LONDON, August 10. /TASS/. Great Britain’s groundless accusations against Russia in connection with the Salisbury incident, as well as the introduction of new US sanctions, are aimed at exerting pressure on the investigation," a spokesperson for the Russian embassy in London said in a statement.
"The British authorities’ groundless accusations against Russia as well as the new US sanctions are aimed at exerting pressure on the ongoing investigation. This is, perhaps, the reason why the public has no information about this inquiry as it may differ from what British and US officials are stating," the statement reads.
"It seems as if the US, as it was in the case of the Russian diplomats’ expulsion in March, has come to the rescue of London in their double game, while the British authorities are unable to present any credible evidence in support of their argument that Russia is responsible for the Salisbury incident," the embassy said.
"At the same time, the US itself, according to our embassy in Washington, ‘refused to answer our follow-up questions, claiming that the information is classified’," the press officer pointed out.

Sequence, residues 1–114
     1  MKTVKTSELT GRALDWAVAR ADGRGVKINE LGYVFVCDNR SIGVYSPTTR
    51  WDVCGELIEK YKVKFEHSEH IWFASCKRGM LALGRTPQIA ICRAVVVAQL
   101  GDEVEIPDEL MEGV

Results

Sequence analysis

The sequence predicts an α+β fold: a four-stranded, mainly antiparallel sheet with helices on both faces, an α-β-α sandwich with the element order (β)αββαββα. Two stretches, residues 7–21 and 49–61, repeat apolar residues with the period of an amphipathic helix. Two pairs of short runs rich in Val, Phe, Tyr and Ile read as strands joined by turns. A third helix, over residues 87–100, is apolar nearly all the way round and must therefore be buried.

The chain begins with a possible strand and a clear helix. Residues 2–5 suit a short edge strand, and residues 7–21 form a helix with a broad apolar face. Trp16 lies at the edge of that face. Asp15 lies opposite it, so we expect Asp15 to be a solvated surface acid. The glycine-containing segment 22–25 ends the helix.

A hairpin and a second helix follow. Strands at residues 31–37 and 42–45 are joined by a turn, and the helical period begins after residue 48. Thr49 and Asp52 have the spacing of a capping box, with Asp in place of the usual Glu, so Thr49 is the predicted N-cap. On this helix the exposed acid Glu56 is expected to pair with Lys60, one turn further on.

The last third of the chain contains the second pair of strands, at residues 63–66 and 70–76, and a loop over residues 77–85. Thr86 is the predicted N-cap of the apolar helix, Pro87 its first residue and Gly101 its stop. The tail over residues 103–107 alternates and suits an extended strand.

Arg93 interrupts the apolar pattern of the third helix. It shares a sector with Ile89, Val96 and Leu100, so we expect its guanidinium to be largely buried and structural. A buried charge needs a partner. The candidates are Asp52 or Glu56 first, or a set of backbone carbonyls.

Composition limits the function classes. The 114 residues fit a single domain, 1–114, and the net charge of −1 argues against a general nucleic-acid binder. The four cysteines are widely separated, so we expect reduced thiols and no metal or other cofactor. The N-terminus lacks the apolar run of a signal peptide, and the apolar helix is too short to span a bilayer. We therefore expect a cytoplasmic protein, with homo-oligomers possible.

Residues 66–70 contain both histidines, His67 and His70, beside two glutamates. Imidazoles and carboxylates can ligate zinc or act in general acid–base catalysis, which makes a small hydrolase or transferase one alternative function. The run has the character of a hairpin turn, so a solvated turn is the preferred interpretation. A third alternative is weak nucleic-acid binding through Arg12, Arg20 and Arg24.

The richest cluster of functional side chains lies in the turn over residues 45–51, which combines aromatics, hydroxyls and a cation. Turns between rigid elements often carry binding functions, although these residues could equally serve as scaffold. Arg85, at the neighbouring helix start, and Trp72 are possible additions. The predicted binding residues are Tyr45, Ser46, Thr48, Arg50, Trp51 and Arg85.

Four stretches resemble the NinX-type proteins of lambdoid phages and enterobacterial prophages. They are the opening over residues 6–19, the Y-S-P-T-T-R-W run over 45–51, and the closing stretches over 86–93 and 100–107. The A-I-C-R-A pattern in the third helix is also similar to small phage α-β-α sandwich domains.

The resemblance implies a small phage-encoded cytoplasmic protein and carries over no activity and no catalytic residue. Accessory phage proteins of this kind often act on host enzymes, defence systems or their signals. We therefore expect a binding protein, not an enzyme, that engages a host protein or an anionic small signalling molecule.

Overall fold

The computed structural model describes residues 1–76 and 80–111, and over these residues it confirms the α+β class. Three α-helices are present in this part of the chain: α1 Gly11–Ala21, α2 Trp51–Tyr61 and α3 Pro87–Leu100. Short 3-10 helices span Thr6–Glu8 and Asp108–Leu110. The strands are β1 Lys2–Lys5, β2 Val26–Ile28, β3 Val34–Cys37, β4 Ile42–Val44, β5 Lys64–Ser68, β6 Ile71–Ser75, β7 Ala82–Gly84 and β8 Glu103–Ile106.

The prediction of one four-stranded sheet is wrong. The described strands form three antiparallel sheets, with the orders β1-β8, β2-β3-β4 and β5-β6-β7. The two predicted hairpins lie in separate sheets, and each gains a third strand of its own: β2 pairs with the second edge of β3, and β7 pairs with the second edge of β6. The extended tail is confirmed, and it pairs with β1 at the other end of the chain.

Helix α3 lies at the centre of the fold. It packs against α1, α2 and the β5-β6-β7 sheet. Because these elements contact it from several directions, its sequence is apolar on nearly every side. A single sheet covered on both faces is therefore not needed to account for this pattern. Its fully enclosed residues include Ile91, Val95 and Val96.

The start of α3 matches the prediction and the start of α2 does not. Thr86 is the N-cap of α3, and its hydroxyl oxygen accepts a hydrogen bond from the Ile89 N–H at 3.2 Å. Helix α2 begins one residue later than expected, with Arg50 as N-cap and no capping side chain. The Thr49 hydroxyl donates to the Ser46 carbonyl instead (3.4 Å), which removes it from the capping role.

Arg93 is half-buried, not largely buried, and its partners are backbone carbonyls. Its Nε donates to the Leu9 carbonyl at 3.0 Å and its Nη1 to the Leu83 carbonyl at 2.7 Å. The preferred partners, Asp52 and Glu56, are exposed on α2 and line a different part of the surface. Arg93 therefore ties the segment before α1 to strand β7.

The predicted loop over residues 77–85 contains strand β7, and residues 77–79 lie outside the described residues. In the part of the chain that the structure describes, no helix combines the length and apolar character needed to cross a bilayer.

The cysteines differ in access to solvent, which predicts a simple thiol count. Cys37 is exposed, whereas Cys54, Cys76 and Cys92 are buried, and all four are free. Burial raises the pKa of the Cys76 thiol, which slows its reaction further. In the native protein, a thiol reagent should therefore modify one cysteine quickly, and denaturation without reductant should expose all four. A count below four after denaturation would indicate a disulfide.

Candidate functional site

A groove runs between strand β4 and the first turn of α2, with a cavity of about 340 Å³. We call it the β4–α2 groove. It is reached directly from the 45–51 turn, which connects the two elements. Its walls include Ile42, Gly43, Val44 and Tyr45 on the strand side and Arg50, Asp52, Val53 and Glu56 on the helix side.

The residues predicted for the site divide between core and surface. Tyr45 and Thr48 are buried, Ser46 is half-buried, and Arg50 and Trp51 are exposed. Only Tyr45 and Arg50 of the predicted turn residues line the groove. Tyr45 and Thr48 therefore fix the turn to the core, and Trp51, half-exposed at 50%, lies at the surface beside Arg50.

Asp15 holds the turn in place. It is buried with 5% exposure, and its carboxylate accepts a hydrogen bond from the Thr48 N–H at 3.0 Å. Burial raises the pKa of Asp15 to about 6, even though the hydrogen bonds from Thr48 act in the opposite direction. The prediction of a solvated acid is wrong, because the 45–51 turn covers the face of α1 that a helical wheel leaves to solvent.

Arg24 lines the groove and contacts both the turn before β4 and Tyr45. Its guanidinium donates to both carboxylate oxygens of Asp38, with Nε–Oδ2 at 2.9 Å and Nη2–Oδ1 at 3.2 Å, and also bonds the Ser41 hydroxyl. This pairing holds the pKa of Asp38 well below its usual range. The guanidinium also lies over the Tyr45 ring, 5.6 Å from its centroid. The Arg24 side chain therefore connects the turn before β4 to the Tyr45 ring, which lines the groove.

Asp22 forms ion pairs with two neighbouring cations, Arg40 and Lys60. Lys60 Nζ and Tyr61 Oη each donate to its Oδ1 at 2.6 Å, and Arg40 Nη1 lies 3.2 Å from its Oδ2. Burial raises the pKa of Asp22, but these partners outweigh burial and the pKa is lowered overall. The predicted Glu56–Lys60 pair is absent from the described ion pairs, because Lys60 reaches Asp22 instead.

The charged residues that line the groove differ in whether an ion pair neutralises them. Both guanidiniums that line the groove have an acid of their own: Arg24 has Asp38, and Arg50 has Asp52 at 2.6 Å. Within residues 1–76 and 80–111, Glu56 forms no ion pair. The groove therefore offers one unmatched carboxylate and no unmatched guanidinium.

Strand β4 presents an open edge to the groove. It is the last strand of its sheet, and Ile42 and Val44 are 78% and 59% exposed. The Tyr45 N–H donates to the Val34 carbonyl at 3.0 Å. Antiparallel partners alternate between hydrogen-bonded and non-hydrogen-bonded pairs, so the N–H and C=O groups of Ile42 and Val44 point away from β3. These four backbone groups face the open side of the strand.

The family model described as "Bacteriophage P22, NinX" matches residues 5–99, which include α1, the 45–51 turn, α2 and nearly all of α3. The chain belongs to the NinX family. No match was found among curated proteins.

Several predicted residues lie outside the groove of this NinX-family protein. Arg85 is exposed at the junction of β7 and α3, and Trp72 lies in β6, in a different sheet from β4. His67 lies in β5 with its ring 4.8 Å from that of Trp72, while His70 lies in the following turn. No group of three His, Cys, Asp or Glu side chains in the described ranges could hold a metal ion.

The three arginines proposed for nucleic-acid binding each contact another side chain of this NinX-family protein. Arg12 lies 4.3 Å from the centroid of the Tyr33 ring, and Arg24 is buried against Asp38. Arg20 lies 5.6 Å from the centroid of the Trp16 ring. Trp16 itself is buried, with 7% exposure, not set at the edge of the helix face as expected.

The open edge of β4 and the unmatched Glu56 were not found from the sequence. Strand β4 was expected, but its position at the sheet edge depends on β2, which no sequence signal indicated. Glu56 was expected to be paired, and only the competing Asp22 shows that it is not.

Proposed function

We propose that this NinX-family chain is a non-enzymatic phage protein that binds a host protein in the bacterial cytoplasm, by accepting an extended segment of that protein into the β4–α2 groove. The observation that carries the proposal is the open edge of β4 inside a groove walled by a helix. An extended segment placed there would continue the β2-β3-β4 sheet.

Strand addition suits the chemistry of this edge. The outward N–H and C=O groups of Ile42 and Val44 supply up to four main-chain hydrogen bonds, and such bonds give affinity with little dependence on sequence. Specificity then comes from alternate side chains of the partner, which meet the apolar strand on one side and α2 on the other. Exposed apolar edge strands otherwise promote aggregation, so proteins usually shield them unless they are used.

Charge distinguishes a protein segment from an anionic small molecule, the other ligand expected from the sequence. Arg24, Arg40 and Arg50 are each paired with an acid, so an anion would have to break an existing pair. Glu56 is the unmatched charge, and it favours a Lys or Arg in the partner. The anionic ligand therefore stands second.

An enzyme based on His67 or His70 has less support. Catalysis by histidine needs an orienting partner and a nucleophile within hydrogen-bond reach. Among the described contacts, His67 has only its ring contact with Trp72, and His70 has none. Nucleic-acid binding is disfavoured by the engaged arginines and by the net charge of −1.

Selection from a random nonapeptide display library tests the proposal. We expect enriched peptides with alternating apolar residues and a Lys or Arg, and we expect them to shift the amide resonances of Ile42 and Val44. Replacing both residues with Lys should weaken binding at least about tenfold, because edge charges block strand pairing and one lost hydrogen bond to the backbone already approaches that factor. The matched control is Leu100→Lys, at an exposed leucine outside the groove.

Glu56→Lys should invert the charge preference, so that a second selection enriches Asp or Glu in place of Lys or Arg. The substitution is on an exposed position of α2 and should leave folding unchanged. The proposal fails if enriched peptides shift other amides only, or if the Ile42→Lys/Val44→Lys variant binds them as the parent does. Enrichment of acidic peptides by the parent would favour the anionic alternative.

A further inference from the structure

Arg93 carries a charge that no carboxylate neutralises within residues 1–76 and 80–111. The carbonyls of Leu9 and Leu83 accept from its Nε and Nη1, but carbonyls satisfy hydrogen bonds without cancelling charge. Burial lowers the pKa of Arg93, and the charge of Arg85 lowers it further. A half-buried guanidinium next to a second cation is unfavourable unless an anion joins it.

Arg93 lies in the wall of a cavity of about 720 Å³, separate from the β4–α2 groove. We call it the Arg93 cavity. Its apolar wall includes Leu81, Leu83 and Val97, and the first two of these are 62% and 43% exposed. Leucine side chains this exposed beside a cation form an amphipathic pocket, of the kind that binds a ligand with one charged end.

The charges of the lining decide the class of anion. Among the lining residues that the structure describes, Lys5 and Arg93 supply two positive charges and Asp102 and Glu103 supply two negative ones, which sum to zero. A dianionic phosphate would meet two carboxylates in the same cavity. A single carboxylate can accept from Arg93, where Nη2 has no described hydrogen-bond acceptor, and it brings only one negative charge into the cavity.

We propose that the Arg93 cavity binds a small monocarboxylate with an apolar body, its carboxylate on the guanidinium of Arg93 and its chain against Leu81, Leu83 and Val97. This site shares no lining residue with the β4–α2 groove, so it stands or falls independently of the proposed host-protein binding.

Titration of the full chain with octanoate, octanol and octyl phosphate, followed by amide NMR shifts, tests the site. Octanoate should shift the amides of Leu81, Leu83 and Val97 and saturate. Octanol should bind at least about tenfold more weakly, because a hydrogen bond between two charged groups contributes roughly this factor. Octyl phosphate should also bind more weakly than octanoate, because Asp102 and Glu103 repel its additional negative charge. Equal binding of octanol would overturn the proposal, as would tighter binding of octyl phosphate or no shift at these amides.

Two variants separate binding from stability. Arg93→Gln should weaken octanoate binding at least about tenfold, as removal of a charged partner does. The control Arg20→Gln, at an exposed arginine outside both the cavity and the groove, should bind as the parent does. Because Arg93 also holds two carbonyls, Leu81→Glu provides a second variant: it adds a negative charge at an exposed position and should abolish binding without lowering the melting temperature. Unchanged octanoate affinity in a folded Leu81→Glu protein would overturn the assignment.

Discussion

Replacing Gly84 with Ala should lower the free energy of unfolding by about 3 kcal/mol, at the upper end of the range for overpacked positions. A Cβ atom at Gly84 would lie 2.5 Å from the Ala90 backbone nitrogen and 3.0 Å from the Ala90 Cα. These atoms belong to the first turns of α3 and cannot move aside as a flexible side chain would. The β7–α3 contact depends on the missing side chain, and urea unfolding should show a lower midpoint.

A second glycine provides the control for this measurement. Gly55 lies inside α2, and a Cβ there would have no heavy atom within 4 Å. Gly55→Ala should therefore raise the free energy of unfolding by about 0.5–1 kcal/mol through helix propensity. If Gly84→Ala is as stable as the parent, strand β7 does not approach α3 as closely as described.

"Apparently, the US has exhausted all the excuses for new sanctions against Russia. Now they decided to resort to the classified information, which can never be verified or openly presented in court. We regret that the US actively supports absolutely non-transparent policy of the British authorities regarding the investigation of the Salisbury incident," the statement said.
On Wednesday, the US Department of State said in a statement that Washington was imposing new sanctions on Moscow over its alleged involvement in the poisoning of Sergei and Yulia Skripal in the British city of Salisbury. The first round of sanctions will take effect on August 22, while a second round may be introduced in 90 days in case Russia fails to meet certain conditions, the State Department said.
According to London, former Russian military intelligence (GRU) Colonel Sergei Skripal, 66, who had been convicted in Russia of spying for Great Britain and later swapped for Russian intelligence officers, and his daughter Yulia, 33, suffered the effects of an alleged nerve agent in the British city of Salisbury on March 4. Claiming that the substance used in the attack had been a Novichok-class nerve agent developed in the Soviet Union, London rushed to accuse Russia of being involved in the incident. Moscow rejected all of the United Kingdom’s accusations, saying that neither the Soviet Union nor Russia ever had any program aimed at developing such a substance.